This Woman's Grandparents Didn't Know She Existed. Now They're Giving Her Part Of Her Dad's Trust Fund And People Have THOUGHTS

    "My grandparents had their lawyer calculate the amount of child support my father should have paid with interest and the cost of my post secondary education. They then gave me this as a gift. What I didn't know was that it came out of my father's yearly draw on his trust fund."

    The subject of child support can be touchy, but everyone seems to have an opinion on it. So, while I was recently scrolling through the Am I the Asshole? subreddit — where people go to share their personal experiences and ask other users who was wrong in the given situation — one story by u/Dull-Handle-7586 caught my attention.

    Up until recently, Dull-Handle's father never paid child support, and her paternal grandparents didn't even know she existed. Here's what happened: "My father is a dick. When he got my mother pregnant he wanted her to quit her job and just stay home to 'be a good little wife and mother.' He is very well off due to a trust fund and he doesn't really need to work. My mother refused and divorced him," u/Dull-Handle-7586 said.

    "Because of a prenup she got very little and he moved back to Europe. His parents never knew about me, but my mother had a good profession, and I never really wanted anything. [Still], my father never paid the child support he should have."

    man holding US Dollar bills

    Now, "I'm getting married," u/Dull-Handle-7586 continued. "I met the love of my life at university and we have been together for eight years. ... His family is from the same city as my father and they are a huge, rambunctious bunch. Because of a lot of intermingled business and personal relationships, my parental grandparents found out about my impending wedding and me I suppose."

    "They have been in contact and want to come to Canada to meet me and my fiancée, who I guess is a grandson of an acquaintance of theirs. Small world."

    "When they found out that my father had basically abandoned me to fend for myself in this world — this is honestly how they see it — they were pissed, to say the least," she explained. "So, long story short, they had their lawyer calculate the amount of child support my father should have paid with interest and the cost of my post-secondary education. They then gave me this as a gift. What I didn't know was that it came out of my father's yearly draw on his trust fund."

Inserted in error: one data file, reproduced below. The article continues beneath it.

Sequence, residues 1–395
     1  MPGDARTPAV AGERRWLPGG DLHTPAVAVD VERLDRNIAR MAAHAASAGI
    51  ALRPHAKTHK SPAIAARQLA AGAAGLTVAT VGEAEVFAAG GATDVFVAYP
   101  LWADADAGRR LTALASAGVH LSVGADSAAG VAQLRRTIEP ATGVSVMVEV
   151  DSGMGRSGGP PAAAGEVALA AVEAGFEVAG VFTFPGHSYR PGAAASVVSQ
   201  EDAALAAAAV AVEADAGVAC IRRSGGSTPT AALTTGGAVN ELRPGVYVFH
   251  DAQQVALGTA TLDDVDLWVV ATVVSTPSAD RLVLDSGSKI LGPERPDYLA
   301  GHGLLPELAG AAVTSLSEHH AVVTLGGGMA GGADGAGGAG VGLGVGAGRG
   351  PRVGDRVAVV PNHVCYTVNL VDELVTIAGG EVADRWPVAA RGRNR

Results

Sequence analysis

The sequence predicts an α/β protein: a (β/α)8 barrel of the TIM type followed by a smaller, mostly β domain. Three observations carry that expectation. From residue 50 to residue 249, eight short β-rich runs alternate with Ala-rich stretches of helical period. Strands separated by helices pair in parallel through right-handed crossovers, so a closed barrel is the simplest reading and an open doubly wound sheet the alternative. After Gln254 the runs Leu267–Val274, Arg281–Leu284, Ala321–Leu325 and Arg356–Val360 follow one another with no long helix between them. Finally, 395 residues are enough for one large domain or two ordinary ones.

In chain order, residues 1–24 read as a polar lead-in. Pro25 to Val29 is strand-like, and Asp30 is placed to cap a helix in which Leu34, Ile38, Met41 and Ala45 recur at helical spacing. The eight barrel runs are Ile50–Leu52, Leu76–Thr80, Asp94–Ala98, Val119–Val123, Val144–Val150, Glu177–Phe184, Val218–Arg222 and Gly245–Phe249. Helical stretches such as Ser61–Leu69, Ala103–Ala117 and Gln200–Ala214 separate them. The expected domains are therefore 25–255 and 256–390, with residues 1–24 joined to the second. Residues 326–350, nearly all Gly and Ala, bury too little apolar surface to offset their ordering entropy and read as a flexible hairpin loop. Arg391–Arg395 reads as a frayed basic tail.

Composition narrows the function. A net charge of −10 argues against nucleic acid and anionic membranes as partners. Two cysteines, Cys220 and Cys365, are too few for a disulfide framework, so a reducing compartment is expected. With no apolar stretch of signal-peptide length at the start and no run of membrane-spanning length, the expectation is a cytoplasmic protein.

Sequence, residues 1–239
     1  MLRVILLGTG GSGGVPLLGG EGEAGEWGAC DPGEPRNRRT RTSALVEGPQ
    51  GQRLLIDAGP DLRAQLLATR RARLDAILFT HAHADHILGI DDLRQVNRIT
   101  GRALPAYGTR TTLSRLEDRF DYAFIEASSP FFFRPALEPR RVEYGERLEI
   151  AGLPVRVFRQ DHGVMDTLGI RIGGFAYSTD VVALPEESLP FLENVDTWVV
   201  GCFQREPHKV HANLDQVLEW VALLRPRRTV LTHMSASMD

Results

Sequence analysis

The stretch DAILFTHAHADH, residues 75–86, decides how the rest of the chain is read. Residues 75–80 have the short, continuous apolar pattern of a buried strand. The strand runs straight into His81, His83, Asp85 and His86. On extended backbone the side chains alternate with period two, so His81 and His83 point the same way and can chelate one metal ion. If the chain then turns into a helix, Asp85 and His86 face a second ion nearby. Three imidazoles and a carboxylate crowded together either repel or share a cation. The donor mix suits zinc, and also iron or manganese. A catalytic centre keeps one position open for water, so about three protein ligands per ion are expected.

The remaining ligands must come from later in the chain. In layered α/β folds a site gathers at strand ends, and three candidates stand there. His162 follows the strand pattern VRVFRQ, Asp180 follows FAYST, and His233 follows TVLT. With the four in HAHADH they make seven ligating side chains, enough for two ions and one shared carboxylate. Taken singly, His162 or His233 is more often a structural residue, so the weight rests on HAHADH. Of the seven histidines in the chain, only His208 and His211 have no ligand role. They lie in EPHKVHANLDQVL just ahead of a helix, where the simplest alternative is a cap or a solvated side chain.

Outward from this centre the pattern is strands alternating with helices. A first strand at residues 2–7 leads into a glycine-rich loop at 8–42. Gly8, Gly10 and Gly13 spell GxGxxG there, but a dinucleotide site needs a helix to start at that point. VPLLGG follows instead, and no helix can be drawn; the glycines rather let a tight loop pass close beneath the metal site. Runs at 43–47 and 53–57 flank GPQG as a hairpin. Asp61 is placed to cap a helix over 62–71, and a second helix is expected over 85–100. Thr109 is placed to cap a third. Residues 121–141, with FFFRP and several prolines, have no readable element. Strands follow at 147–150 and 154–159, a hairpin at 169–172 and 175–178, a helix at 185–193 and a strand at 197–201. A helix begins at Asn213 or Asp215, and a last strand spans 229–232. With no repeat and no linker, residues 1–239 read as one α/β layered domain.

Lawyer sitting down at a table with their client

    "He is furious because it is obviously a sizable amount and it will very much affect his finances for at least the next two years," she said. "He may need to, GASP, get a job."

    "He has been contacting me and telling me that his current wife and children will be negatively affected if I don't give him back this money.

    I don't really need it. I guess I am entitled to it, and I am getting a trust fund now as well. But I really want to pay off any debt my mother may have and make sure that when she retires she can do whatever suits her fancy.

    I'm not giving it back. Am I the asshole?"

    The overall rating on the post dictates that Dull-Handle is not the asshole, and the reasons why varied in the comment section.

    First and foremost, many, like user u/kevwelch, pointed out that the money does not directly belong to Dull-Handle's father, and it's her grandparent's decision to decide how it will be spent:

    "That trust fund isn’t HIS money, it’s his parents' money. They can give or take that any time they want. And they wanted to take it from him and give it to you," u/kevwelch said. "That’s 100% their right. Your father is actually angry at them, but he’s also a coward. He knows that any anger he directs at them may end up with him being cut off completely."

    A piece of paper with the words trust fund

    To get her father off her back, people even suggested that Dull-Handle tell her grandparents about his intimidation.

    "It’s time to shut him up," u/kevwelch  continue. "Let him know that if he keeps harassing you, you’ll show his texts and emails and calls to his parents. Ask him how he thinks they’d react to his actions."

    Meanwhile, others tried reassuring Dull-Handle's decision to keep the money, even if she doesn't necessarily need it:

    "Keep the money. Just because you don’t 'need' a thing doesn’t make it wrong to have it," u/kevwelch said. "Pay off your debt, buy a home, make your new life with your husband that much easier. Save and invest it for your children if you want. Your grandparents want you to have their money. Let them be generous to you."

    And very little sympathy was held for Dull-Handle's father, overall:

    "He wants it to keep his life on ultra-easy mode for the next year or two," u/jwjnthrowawaykfeiofj said. "He doesn't need it. Without it he will have to work, use his savings, borrow money from his parents, or be comparatively frugal during that time. He and his family will not starve or go without in any significant way."

    Especially because many believe "He should have been paying child support all along."


    What are your thoughts about the situation? Let me know in the comments.